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Fighting Inflammation in Your Body

Posted by David Ghiorso, CPA, September 10, 2019

You might have heard of “inflammation”, but what does that mean, exactly? In layman’s terms, it means your immune system is activated but can’t “shut off”. Generally speaking, we think an active immune system is a good thing, because it protects us from illnesses. But when it overreacts and can’t settle down, your body’s immune cells can cause problems for you.

Chronic inflammation means your immune system is attacking you. Diseases like cancer, diabetes, heart disease, arthritis, and some metabolic syndromes are strongly linked to inflammation.

What causes inflammation? Often, inflammation results from certain dietary choices. Too much white flour, sugar, and fried foods can trigger the problem, and a lack of fruits, vegetables, and “good” fats can exacerbate it.

Obesity is another culprit. When fat cells reach critical mass, they can emit inflammatory compounds.

Finally, stress and lack of sleep will only make the problem worse. Lifestyle changes, including regular exercise, exposure to sunlight, and good sleep habits can help to boost healthy sleep patterns and reduce unhealthy levels of stress.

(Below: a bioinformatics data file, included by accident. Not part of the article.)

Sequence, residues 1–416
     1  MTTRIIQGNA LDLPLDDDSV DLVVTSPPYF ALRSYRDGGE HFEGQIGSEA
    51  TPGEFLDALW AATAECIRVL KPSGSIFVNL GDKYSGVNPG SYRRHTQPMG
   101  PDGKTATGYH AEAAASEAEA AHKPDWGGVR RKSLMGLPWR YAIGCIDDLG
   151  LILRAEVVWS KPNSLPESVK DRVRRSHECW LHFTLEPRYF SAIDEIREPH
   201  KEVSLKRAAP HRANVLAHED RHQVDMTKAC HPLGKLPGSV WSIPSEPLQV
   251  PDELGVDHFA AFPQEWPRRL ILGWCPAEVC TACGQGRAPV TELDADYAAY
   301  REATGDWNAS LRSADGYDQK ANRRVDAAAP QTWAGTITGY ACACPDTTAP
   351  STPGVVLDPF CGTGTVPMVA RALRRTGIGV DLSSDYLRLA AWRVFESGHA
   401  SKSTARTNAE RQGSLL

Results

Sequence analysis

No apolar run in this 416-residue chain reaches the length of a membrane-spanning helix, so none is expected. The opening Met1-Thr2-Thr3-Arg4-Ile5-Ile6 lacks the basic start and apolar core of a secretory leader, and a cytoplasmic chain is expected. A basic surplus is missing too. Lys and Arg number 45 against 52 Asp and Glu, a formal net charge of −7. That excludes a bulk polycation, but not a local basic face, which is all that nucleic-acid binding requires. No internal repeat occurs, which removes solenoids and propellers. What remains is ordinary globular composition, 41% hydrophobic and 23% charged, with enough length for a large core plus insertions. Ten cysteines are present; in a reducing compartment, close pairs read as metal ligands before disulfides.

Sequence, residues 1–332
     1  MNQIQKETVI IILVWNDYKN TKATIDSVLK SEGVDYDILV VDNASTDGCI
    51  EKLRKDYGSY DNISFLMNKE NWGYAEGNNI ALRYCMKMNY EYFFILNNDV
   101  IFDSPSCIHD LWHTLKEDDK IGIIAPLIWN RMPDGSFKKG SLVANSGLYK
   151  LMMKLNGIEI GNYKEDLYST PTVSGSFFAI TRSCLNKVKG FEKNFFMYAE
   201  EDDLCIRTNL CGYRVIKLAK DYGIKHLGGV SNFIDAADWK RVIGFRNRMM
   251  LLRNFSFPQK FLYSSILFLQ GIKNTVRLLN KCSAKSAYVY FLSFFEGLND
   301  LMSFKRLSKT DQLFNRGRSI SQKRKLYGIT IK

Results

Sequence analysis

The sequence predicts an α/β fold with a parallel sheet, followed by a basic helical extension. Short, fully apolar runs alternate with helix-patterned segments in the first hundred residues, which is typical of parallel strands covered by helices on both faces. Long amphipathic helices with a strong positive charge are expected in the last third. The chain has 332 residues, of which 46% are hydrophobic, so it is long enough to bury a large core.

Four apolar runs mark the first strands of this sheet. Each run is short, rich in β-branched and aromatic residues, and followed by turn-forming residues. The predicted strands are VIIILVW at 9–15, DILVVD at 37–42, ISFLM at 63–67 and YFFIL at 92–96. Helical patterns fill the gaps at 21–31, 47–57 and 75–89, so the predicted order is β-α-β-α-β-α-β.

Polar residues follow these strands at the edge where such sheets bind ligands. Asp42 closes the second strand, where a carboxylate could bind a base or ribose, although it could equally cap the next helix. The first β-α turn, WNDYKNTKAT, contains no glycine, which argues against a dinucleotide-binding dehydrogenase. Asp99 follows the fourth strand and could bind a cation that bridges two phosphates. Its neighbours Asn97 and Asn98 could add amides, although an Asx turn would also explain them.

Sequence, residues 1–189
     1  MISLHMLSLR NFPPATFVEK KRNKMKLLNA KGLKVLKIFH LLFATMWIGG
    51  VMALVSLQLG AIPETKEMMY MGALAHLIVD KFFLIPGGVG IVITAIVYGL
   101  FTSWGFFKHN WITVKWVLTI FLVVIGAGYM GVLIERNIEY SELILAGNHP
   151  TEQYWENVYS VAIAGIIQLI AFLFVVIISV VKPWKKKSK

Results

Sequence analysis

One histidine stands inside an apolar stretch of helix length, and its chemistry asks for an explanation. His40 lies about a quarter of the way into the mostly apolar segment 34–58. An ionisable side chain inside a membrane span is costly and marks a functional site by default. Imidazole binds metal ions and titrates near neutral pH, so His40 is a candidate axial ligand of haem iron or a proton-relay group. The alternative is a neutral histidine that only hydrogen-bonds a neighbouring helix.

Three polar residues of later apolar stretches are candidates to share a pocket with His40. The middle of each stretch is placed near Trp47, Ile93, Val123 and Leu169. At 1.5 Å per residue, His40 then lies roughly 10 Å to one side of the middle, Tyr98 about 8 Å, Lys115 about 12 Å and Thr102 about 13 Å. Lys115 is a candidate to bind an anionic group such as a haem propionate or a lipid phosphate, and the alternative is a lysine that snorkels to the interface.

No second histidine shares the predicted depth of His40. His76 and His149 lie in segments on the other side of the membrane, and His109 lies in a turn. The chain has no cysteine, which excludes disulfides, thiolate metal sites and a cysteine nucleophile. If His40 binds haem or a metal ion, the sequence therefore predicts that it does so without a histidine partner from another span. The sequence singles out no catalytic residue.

Fighting back against inflammation. Other than lifestyle changes, diet is probably the most important weapon against chronic inflammation. Take the time to clean out your pantry, getting rid of processed foods, sugars, and packaged snacks high in trans fats and white flours. Replace those items with:

  • Fresh fruits and vegetables. Try to “eat the rainbow” by consuming produce in every color daily
  • Certain spices and herbs – turmeric, ginger, garlic, rosemary, thyme, oregano, and many others have been shown to combat inflammation
  • Extra-virgin olive oil
  • Nuts – particularly walnuts, almonds, and cashews
  • Seeds – like chia seeds, pumpkin seeds, and sunflower seeds
  • Fish – such as salmon, mackerel, sardines, and rainbow trout
  • Whole grains
  • Legumes
  • Green tea
  • Dark chocolate

Ideally, you should institute these changes to prevent inflammation from harming your health in the future. If you’re already suffering the effects of chronic inflammation (such as arthritis) the above tips can help. But make sure to discuss your dietary and lifestyle changes with your doctor, and he or she can offer additional guidance.

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